Share this article

print logo

PRODUCTIONS IN PARK SHIFT STARTING TIME CHANGE WILL FOLLOW NEIGHBORS' COMPLAINTS

The board of directors of Shakespeare in the Park has agreed to start performances at 7:30 p.m., a half hour earlier than past years, to accommodate irate residents living near Delaware Park.

The board met privately today with Public Works Commissioner David Comerford to iron out problems with parking near the site, noise and the park's closing time.

Last week Common Council refused to release $300,000 to build a new stage for the performances until complaints by park neighbors had been resolved.

"I think we've made an enormous step toward addressing those concerns . . . by agreeing to start at 7:30," Neil E. Garvey, board president for Shakespeare in the Park, said after today's meeting. "We're very hopeful that funding will go forward. After all this is a free public benefit for all the people of Buffalo."

The Council is expected to consider the issue Tuesday.

Garvey said a monitoring committee, under auspices of the Public Works Department, has been proposed to investigate neighbors' complaints about Shakespeare in the Park and find remedies.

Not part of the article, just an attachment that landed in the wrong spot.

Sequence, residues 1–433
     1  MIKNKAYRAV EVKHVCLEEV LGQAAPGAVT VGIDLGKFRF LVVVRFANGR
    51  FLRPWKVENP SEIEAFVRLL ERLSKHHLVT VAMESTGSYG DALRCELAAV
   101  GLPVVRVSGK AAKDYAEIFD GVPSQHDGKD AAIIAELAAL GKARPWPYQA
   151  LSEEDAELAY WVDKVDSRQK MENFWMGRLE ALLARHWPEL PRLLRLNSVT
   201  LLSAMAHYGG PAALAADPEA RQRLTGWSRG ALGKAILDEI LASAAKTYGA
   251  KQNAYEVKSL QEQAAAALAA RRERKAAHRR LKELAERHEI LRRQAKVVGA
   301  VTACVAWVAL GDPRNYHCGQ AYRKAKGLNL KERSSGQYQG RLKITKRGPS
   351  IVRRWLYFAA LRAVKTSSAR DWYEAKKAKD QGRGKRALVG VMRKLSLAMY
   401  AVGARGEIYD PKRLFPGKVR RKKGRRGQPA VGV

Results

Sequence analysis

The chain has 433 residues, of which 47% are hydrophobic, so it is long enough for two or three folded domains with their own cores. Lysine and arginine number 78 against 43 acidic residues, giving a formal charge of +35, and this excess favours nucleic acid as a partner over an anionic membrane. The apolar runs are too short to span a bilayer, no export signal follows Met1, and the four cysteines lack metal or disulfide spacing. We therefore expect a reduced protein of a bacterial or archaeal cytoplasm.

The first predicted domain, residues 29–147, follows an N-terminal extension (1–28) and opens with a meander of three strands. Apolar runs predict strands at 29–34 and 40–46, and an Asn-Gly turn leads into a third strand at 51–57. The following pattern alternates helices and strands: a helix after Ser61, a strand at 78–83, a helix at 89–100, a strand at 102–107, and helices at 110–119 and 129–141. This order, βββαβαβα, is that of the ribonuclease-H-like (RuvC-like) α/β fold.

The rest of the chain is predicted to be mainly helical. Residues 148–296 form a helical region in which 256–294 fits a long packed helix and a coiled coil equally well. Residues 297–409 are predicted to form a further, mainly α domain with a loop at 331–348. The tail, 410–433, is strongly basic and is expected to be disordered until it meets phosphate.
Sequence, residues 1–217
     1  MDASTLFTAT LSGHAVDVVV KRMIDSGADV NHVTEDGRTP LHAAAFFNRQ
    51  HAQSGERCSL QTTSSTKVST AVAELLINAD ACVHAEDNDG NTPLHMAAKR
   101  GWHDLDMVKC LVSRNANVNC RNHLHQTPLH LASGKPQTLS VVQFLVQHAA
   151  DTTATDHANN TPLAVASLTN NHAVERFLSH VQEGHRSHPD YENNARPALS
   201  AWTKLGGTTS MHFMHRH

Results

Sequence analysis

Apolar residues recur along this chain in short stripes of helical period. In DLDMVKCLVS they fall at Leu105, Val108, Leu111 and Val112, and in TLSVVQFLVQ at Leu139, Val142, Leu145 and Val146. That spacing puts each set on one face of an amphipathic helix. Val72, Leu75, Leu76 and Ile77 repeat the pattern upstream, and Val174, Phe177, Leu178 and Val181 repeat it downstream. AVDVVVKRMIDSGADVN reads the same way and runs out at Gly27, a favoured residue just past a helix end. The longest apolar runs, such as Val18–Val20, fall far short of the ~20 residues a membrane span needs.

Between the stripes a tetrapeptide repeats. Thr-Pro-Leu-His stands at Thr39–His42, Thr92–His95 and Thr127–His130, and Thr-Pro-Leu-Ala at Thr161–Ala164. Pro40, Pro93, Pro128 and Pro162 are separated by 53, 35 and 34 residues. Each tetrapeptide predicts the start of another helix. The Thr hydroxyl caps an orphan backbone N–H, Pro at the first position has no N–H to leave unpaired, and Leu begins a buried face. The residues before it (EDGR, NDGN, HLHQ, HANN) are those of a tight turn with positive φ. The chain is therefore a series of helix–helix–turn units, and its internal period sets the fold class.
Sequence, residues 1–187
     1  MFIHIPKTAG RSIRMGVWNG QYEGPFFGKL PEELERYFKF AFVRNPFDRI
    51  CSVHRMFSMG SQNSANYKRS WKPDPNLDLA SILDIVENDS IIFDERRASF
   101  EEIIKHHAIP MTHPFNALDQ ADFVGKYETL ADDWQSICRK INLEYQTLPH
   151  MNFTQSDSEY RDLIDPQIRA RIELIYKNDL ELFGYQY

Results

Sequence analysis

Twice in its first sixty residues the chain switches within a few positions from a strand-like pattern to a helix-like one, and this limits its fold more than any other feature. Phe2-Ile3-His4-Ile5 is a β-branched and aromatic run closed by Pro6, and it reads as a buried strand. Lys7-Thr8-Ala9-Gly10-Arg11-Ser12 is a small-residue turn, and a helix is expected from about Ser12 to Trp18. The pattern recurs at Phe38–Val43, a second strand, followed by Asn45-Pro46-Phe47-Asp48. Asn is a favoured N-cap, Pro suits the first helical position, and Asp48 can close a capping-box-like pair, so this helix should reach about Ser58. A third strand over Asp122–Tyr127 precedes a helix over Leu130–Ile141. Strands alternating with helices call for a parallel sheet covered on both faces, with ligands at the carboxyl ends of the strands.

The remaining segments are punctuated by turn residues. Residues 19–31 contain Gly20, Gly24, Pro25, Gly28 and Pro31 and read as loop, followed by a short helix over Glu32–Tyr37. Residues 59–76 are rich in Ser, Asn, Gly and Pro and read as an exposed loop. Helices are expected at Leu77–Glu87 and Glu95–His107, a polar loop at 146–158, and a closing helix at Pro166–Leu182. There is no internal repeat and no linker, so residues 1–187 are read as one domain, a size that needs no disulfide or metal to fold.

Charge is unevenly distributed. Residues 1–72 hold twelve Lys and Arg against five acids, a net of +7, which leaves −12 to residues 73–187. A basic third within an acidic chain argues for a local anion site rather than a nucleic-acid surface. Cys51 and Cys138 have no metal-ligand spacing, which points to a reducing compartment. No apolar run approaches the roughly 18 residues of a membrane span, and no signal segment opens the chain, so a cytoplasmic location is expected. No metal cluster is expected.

"Many of those issues have less to do with (Shakespeare in the Park) than they do with the general increase in activity of that area of the park," Garvey said. "There's the restoration to the casino, improvements to the lake; other improvements there are attracting more and more people down there."

Some of those who have complained might be angry about the increased park traffic, which is not necessarily the fault of Shakespeare in the Park, Garvey added.

The new, removable stage was designed to satisfy not only the theater group but also the Delaware Park Steering Committee, Garvey noted.

"After performances, there will be no sign (that the stage) was there at all," Garvey said. "That hill will be restored to its rightful condition" after the season is over.

The new stage will not have to be constructed from scratch each season. It also can be stored indoors, preventing deterioration.

"This will cut our costs by as much as 75 percent," Garvey said. "If (funding for the) stage doesn't go forward we're in a very tight spot."

Planning for the stage has been under way at least since 1991 but encountered delays in getting architectural renderings. All the submitted bids came in lower than estimates, Garvey said.

"We will never find a less expensive time or get a better value for our dollar than now," he said.

There are no comments - be the first to comment